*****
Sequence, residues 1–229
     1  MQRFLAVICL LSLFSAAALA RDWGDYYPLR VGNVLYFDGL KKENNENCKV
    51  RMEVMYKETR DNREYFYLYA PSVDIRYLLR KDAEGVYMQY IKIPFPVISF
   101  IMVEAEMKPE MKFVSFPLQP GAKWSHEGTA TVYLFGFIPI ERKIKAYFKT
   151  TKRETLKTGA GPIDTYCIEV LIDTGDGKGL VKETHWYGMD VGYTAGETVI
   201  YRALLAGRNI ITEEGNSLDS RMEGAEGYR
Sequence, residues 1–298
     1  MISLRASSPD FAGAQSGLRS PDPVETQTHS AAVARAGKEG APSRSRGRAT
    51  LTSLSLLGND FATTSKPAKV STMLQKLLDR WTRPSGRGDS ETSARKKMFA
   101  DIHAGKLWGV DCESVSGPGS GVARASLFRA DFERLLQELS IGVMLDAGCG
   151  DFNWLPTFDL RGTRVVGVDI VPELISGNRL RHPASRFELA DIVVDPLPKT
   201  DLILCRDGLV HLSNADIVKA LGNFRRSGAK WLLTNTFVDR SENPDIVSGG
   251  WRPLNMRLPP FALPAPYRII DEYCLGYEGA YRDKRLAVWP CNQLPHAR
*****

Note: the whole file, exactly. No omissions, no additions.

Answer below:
Sequence, residues 1–229
     1  MQRFLAVICL LSLFSAAALA RDWGDYYPLR VGNVLYFDGL KKENNENCKV
    51  RMEVMYKETR DNREYFYLYA PSVDIRYLLR KDAEGVYMQY IKIPFPVISF
   101  IMVEAEMKPE MKFVSFPLQP GAKWSHEGTA TVYLFGFIPI ERKIKAYFKT
   151  TKRETLKTGA GPIDTYCIEV LIDTGDGKGL VKETHWYGMD VGYTAGETVI
   201  YRALLAGRNI ITEEGNSLDS RMEGAEGYR
Sequence, residues 1–298
     1  MISLRASSPD FAGAQSGLRS PDPVETQTHS AAVARAGKEG APSRSRGRAT
    51  LTSLSLLGND FATTSKPAKV STMLQKLLDR WTRPSGRGDS ETSARKKMFA
   101  DIHAGKLWGV DCESVSGPGS GVARASLFRA DFERLLQELS IGVMLDAGCG
   151  DFNWLPTFDL RGTRVVGVDI VPELISGNRL RHPASRFELA DIVVDPLPKT
   201  DLILCRDGLV HLSNADIVKA LGNFRRSGAK WLLTNTFVDR SENPDIVSGG
   251  WRPLNMRLPP FALPAPYRII DEYCLGYEGA YRDKRLAVWP CNQLPHAR